Thursday, April 19, 2012

4-18-2012 Fishing Report

Once again I wasn't able to start fishing until much later than I'd hoped.  The sun had set by the time I headed for a nearby public pond.

The water was calm for a change...wind was only 1-3mph.  I hoped this would help me spot bigger fish working in the shallows.  Water clarity was considerably reduced from the past weekend's rain/wind storms.  I definitely could have caught a lot more crappies and bluegills, but I quickly switched to a bass-sized foam popper and fished that until dark.  The reason was this...I must have seen more than a half-dozen Giant Black Water Beetles either in the water or flying to/from it.  This may not sound like a major "hatch".  As much time as I spend around water, you'd think this would be a common sight...but I rarely ever see them, and NEVER this many.  These are HUGE beetles.  They look like this:
This is not my picture.  Credit goes to this blogsite:

They are about 1.5" long.  With this many big bugs around the edge of the water (I'm certain there were a LOT more than just what I saw in a few glances around in the near-darkness), I figured the bigger fish might be feasting on them.  That's why I was using the bass-sized foam popper.  Long story short, I didn't catch any big fish.  I did catch some bluegills and crappies on the popper, and missed a LOT of strikes from these smaller fish.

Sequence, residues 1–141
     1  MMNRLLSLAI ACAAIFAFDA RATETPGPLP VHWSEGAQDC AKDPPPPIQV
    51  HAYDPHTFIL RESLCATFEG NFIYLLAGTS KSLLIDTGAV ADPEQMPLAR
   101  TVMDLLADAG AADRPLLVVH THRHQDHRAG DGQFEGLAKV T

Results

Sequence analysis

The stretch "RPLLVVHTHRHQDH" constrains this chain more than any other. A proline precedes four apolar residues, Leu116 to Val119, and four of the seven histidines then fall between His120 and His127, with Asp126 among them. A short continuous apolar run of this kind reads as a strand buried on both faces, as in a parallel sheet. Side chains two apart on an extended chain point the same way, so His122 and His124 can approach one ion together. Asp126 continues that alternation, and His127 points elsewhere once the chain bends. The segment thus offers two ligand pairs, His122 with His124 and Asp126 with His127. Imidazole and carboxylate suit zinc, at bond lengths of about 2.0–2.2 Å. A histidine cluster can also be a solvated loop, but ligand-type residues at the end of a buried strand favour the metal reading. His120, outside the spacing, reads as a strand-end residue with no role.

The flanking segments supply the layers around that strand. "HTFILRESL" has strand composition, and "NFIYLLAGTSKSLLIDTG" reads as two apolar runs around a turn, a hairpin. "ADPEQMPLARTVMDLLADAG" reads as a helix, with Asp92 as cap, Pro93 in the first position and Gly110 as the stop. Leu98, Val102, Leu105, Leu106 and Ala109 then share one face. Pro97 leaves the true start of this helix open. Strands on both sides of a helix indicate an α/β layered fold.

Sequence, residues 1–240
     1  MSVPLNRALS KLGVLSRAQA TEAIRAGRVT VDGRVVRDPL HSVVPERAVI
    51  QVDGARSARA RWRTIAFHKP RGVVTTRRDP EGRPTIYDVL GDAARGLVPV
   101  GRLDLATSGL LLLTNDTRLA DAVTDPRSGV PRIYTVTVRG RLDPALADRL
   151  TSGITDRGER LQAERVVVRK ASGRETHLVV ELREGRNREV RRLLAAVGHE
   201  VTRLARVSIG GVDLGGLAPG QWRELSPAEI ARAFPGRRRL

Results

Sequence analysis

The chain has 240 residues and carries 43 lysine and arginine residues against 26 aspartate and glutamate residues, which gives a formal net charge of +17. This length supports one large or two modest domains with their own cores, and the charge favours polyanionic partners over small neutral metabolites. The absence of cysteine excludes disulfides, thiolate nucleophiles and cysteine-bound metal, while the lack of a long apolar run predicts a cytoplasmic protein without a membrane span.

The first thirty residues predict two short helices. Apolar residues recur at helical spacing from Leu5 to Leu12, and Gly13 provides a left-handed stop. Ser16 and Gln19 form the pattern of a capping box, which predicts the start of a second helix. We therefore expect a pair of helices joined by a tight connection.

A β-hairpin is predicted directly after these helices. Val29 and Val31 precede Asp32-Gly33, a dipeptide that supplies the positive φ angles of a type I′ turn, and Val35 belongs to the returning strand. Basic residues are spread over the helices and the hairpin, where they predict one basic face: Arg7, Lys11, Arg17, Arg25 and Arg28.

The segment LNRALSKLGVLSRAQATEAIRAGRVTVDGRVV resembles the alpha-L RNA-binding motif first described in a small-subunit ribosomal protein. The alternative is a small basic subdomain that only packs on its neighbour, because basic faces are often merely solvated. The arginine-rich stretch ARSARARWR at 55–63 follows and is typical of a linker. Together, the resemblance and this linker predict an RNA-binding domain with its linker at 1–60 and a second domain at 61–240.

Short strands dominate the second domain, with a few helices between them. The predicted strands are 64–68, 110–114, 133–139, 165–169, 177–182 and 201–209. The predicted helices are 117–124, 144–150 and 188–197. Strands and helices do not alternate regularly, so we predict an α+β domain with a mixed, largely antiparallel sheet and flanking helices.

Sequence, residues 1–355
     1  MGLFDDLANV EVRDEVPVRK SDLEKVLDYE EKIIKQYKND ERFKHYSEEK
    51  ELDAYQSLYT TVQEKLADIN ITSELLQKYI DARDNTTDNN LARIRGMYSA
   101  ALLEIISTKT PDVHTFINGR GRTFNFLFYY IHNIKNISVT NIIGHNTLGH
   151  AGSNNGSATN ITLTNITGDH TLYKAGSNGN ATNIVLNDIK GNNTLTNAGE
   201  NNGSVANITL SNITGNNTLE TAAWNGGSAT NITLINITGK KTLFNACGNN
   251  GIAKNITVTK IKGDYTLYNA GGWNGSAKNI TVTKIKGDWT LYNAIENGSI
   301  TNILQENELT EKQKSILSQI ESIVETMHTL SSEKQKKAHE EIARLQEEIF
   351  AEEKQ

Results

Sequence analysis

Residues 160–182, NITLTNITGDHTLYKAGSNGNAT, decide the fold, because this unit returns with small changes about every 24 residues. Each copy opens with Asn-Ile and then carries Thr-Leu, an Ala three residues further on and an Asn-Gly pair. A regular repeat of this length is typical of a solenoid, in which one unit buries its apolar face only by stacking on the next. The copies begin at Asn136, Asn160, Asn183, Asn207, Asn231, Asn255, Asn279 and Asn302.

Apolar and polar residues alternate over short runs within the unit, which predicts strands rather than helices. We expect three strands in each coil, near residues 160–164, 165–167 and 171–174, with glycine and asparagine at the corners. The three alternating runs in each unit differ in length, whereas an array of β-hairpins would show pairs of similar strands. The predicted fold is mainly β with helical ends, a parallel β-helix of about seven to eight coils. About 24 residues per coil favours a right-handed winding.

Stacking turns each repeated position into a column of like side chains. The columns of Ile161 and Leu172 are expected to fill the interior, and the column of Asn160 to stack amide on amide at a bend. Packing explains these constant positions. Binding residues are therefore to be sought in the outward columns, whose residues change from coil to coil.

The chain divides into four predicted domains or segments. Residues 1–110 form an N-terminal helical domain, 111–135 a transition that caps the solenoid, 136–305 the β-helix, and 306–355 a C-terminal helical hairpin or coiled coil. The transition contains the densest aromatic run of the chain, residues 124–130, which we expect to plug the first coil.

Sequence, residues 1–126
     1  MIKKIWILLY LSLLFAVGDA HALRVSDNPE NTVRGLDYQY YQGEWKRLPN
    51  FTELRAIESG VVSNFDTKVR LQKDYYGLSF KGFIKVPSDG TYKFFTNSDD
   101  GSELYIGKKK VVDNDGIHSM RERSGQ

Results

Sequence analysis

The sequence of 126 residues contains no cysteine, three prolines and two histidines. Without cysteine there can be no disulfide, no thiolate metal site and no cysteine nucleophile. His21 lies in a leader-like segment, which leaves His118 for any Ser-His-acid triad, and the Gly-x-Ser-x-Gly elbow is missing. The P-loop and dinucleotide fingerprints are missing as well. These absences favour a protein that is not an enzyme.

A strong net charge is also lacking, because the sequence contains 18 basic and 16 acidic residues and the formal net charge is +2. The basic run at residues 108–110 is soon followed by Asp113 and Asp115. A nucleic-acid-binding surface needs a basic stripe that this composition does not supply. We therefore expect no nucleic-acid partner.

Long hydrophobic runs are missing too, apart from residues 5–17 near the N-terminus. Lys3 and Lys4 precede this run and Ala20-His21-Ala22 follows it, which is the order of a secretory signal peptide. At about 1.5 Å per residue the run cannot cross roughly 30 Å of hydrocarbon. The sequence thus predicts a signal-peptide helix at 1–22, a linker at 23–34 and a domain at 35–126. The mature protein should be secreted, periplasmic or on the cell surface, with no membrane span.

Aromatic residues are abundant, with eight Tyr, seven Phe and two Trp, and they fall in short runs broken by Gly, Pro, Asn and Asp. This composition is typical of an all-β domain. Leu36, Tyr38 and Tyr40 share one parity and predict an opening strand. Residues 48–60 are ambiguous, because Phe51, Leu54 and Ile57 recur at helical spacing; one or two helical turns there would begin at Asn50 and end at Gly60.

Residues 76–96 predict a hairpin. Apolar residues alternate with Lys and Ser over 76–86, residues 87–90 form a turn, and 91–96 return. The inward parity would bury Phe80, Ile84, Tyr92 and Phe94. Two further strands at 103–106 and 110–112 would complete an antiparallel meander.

After about an hour, I moved over to the smaller pond about 30 yards south of the larger one.  Water clarity there was also severely diminished compared to my last trip here.  I saw evidence of decent-sized fish, but caught only some bluegills on a yellow boa yarn leech. There were a mix of sizes...6"-8.5".  I also saw a toad swim across the pond unmolested, and had a muskrat snagged on my line for a few exciting seconds.

Overall, it was a pretty uneventful evening.  The most exciting part was those Giant Black Water Beetles!

1 comment:

  1. Cool! My first experience in an angling manner with these was while cleaning an office as a part time job while going to college in Alaska, on a desk was a preserved huge beetle and a note stating it was from a 3lb. rainbow from a one Quartz Lake south of Fairbanks. Later, while there with my wife and young kids, a similar sized trout was kept (shame on me, nice holdovers, would not do that now,) with another huge water beetle inside. A bulky muskrat bodied soft hackle, a huge one, would probably do the trick, the fur catching air on the way down.